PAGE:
Race and Slavery Petitions Project

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PAR Number 20382402

State: Delaware Year: 1824
Location: New Castle Location Type: County

Abstract: Hannah Boyer, a free woman of color, sues Oliver Caulk who holds her eight-year-old son Abner as an apprentice. She charges that her son "is badly treated by his Master and others--that being but a weakly Boy, he is compelled to work beyond his ability, and obliged to go about in Frosty weather almost in a naked State." In addition, he is frequently "whipped and otherwise abused." Fearing the boy might be sold out of the state, Boyer asks that Caulk be summoned and answer to the court.

PAR Number 20484003

State: District of Columbia Year: 1840
Location: Washington Location Type: County

Abstract: Charles Magruder, petitioning by his father and next friend John Magruder, asserts that he is a free person of color unlawfully held in custody by Samuel Suit and David Stauton for the purpose of selling him beyond the jurisdiction of the court. He seeks a writ of habeas corpus.

PAR Number 20484203

State: District of Columbia Year: 1842
Location: Washington Location Type: County

Abstract: John Lee, petitioning by his next friend Hickey Lee, asserts that he is a free person of color who is illegally confined to jail on the charge of being a runaway slave. Lee claims he was manumitted by the last will and testament of Basil Hutton. He seeks a writ of habeas corpus and safekeeping from the marshal to prevent John Poole, who has claimed Lee as his slave, from removing him beyond the jurisdiction of the court.

PAR Number 20780403

State: Kentucky Year: 1804
Location: Jefferson Location Type: County

Abstract: Joseph Antoine, a free man of color, petitions the court to prevent Jonathan Purcel, Emanuel Lacey, Davis Floyd, or any other person, from selling him into slavery. Antoine, also known as Ben, was emancipated in Havana, Cuba. After moving to Virginia, Antoine took as his wife a slave owned by Purcel. About 1796, the petitioner, his wife, and Purcel moved to Post Vincennes. Antoine states that Purcel then threatened to sell his wife into "some part of the Spanish country" unless Antoine agreed to indenture himself to Purcel for seven and one-half years. As an added inducement, the petitioner states, Purcel promised that Antoine's wife would also be freed at the end of that time. Shortly before the end of the indenture, Antoine discovered that Purcel planned to sell him and his wife to Emanuel Lacey. Antoine agreed to be sold, fearing that if he refused, Purcel "might place him in a worse situation." Lacey purchased Antoine and his wife, took them to New Orleans and sold them as slaves for life. There, Antoine was able to gain an audience with the Spanish governor of Louisiana, who reviewed Antoine's deed of manumission and voided the sale. The couple, "anxious to return" home, then traveled up the Mississippi River with Lacey, who mistreated and abused them until they ran away. Antoine's wife, exhausted and suffering from ill treatment, died. Antoine made his way to Louisville, where he was jailed as a runaway. Davis Floyd, a slave catcher hired by Lacey, took him out of jail and tried to sell him across the Ohio River, but Antoine was too old and too weak to attract any bidders. He was taken back to jail in Louisville where he wrote his petition.

PAR Number 20780404

State: Kentucky Year: 1804
Location: Jefferson Location Type: County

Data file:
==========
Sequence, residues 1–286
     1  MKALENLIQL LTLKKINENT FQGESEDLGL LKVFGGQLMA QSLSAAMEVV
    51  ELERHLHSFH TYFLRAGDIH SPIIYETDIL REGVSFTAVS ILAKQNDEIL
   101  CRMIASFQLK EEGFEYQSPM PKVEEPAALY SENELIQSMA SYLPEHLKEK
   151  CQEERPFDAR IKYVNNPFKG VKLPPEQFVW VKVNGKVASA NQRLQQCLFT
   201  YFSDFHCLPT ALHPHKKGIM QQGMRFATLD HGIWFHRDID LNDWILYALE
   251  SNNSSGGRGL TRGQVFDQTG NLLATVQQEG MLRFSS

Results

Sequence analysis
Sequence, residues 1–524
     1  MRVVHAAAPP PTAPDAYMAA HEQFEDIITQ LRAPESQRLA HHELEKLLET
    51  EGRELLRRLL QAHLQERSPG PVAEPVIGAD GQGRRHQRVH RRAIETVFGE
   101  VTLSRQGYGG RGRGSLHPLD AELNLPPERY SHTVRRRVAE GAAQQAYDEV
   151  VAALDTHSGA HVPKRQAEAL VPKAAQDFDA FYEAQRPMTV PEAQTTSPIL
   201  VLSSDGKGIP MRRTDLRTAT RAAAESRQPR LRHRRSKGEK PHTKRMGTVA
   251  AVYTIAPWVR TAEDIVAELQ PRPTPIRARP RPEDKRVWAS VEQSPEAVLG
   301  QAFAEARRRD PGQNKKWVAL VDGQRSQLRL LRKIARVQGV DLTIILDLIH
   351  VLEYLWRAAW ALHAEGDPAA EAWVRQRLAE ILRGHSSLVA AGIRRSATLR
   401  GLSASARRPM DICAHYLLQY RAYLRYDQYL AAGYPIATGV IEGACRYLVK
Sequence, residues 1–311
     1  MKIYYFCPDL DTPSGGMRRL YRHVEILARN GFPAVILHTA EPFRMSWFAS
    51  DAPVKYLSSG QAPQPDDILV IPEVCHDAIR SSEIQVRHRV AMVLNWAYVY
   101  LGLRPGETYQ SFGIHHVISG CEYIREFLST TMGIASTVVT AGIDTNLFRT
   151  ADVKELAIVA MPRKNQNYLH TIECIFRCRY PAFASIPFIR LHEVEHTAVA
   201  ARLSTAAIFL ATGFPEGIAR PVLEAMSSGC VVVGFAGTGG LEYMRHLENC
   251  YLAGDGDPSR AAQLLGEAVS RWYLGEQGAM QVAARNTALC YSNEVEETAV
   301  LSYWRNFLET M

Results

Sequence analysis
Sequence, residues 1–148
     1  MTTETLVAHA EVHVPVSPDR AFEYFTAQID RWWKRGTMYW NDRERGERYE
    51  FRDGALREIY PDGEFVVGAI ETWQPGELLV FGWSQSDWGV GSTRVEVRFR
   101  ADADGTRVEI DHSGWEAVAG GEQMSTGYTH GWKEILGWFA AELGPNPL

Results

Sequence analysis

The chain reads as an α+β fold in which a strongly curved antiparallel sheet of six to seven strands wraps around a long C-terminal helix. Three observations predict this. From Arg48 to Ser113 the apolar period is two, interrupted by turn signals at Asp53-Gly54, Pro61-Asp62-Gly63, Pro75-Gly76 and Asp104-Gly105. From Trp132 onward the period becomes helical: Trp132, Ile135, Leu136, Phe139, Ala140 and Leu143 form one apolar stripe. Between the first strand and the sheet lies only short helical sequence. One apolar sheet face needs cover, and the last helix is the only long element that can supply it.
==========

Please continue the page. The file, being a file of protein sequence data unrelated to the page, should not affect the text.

Abstract: Joseph Antoine, also known as Ben, petitions that he was emancipated in Havana, Cuba, then moved to Virginia, where he "took to him a wife a negro woman slave the property of Jona. Purcel." The petitioner, his wife and Purcel moved to Fort St. Vincennes where Antoine was coerced into signing an indenture for seven and a half years, with the promise of freedom for his wife at the end of that period. Shortly before the indenture expired, Purcel told Antoine that the period of indenture was actually fifteen years. Purcel sold Antoine and his wife to Emanuel Lacy who took them to New Orleans and sold them as slaves for life. Antoine and his wife then returned north with Lacy. His wife died, and Antoine was placed in jail for a few days before being handed over to Davis Floyd who is trying to sell him. Antoine asks the court to issue an injunction preventing anyone from selling him until his case can be heard.

PAR Number 20781601

State: Kentucky Year: 1816
Location: Jefferson Location Type: County

Abstract: William Cole claims that he has never been a slave of any person, but that recently threats have been made against him and he is apprehensive that "his liberty may be called in question." Cole, whose mother Fanny was once a slave of John Clarke, asserts that his father, Charles Cole, purchased Fanny from Clarke for "a good and valuable consideration" prior to William's birth. Fanny Cole was then emancipated. William Cole asks the court to take the deposition of Elizabeth Busey, an elderly woman and the only person who can supply testimony of his freedom, so that evidence of that freedom may be preserved.

PAR Number 20782301

State: Kentucky Year: 1823
Location: Jefferson Location Type: County

Abstract: Mary Ann Grayson claims she is a free woman of color, born in Virginia to Neicy Grayson, "who at the birth of your orax was a free woman of Color." Mary Ann was brought by her mother to Louisville and indentured to a certain Baylor Banks until she reached age eighteen. She was subsequently sold several times until she came into the possession of David Ruth. Mary Ann asserts that her time expired one year ago. However, Ruth still "claims and insists on the service of your oratrix" even though "many can testify as to her perfect right to freedom." In addition, she fears he intends to sell her to slave traders who will take her to Louisiana or Red River. Mary Ann has a young child, William Henry, and she is afraid that he also will be taken away and deprived of his freedom. She asks the court to restrain Ruth from selling her and "that her freedom be forever established."

PAR Number 20782807

State: Kentucky Year: 1828
Location: Jefferson Location Type: County